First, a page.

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And, like, can we just talk about this pie for a second? Even if you’re one of those people who knocks oatmeal raisin cookies, you really have got to try this. Just like Eleanor, it takes a classic (oatmeal cookies, gender roles) and reinvents it (cookie pie, baller FLOTUS activism) for the betterment of society.

Just like Eleanor, this pie is sweet, rich, and packs one hell of a punch (hellooooo boozy raisins). And also like Eleanor, we can’t get enough of it.

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Eleanor Oatmeal-Raisin-velt Pie

(adapted from pastry goddess Christina Tosi’s Crack Pie™)

Crust

  • 9 tablespoons unsalted butter
  • 5 ½ tablespoons packed light brown sugar
  • 2 tablespoons granulated sugar
  • 1 large egg
  • ¾ cup plus 2 tablespoons old-fashioned oats
  • ½ cup all purpose flour
  • ¾ tsp cinnamon
  • 1/8 teaspoon baking powder
  • 1/8 teaspoon baking soda
  • ¼ teaspoon kosher salt

Filling

  • ½ cup granulated sugar
  • ¾ cup packed light brown sugar
  • 1 tablespoon nonfat milk powder
  • ¼ teaspoon kosher salt
  • ½ cup unsalted butter, melted
  • 5 tablespoons heavy whipping cream
  • 4 large egg yolks
  • 1 teaspoon vanilla extract
  • ½ teaspoon cinnamon
  • ¼ teaspoon allspice
  • ¾ cup raisins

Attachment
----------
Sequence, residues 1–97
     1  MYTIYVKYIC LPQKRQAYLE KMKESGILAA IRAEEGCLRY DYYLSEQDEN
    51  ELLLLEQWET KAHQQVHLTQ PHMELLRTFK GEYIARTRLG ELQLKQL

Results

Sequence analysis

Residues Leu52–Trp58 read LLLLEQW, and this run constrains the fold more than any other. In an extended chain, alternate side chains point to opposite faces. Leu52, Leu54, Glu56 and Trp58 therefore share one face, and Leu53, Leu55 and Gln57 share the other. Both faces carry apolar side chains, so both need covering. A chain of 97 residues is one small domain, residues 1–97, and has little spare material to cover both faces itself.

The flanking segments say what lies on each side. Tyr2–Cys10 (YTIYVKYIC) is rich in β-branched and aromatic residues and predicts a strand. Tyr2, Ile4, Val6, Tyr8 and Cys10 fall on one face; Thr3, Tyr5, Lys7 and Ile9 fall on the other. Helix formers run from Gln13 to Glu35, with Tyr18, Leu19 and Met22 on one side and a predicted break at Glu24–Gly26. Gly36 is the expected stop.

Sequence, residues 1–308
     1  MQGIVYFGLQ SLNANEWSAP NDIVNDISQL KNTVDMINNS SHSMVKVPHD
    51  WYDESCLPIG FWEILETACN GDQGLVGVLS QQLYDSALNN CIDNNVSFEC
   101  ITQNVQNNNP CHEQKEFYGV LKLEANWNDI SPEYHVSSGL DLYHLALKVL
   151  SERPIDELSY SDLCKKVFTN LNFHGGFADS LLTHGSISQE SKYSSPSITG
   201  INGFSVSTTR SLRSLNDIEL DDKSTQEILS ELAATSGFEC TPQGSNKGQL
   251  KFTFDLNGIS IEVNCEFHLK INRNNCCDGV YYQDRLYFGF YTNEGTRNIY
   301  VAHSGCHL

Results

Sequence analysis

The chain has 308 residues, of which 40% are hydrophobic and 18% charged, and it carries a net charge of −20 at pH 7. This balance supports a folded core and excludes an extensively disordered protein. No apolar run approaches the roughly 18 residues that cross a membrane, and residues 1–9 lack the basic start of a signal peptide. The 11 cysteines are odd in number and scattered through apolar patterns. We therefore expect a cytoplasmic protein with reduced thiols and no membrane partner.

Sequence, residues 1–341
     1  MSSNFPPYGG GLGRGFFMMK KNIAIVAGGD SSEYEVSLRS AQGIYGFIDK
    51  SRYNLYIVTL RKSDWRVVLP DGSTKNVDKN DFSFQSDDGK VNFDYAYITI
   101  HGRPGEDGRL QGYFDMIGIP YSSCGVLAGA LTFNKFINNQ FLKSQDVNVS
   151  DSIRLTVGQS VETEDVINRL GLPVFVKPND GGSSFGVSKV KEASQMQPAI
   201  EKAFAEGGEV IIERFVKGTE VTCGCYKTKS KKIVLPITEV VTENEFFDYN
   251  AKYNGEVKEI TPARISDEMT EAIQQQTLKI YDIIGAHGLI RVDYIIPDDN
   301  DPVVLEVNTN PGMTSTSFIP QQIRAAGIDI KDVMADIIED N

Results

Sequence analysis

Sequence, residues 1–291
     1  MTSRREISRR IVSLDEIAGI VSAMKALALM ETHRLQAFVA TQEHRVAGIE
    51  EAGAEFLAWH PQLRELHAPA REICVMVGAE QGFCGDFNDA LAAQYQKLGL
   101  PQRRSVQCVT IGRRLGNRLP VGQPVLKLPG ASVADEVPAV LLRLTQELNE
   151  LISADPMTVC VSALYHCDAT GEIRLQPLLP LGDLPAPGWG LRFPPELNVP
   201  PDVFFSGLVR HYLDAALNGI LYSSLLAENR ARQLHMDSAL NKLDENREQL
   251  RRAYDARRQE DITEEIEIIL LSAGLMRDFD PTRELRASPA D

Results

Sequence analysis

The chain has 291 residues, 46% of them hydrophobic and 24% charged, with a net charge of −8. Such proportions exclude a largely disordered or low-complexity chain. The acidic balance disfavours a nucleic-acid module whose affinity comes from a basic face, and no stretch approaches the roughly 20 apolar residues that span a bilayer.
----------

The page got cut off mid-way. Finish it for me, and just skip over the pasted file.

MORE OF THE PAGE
• 1/8 cup (generous) Scotch whisky*
  • Powdered Sugar & Cinnamon for dusting

Pour whisky over the raisins in a small bowl. Let sit for at least 3 hours.
*We love the subtle smokiness that a (not-too-peaty) Scotch adds to the raisins, but if you’re not a Scotch drinker, feel free to use your favorite bourbon or Irish whiskey!

Crust:

Preheat oven to 350°F. Line a baking sheet with parchment paper and coat with nonstick cooking spray,

Combine 6 tablespoons of room temperature butter, 4 tablespoons brown sugar, and 2 tablespoons sugar in a medium bowl. Beat until light and fluffy, about 2 minutes. Add egg, and beat until pale. Add oats, flour, baking powder, baking soda, salt, cinnamon, and allspice and beat until just blended. Turn the batter out onto the prepared baking sheet, spreading evenly to the edges of the pan. Bake until light golden brown, 17-18 minutes. Let cool completely.

Using hands, crumble the oat cookie into a large bowl. Add 3 tablespoons butter and 1 ½ tablespoons brown sugar. Combine by hand until mixture is moist enough to stick together. Transfer cookie mixture to a 9-inch glass pie dish. Using fingers, press mixture evenly into the dish.

Filling:

Position rack in center of oven and preheat to 350°F. Whisk both sugars, milk powder, salt, cinnamon, and allspice in a medium bowl to blend. Add melted butter and whisk until blended. Add cream, then egg yolks and vanilla and whisk until well blended. Add raisins and stir until any remaining whisky is combined.

Pour filling into crust. Bake pie 30 minutes. Reduce oven to 325°F and continue baking until filling is brown and set around the edges but the center still moves slightly when shaken, about 20 minutes.

Cool pie completely, and dust with powdered sugar and cinnamon. Serve chilled (for easiest slicing) or room temperature.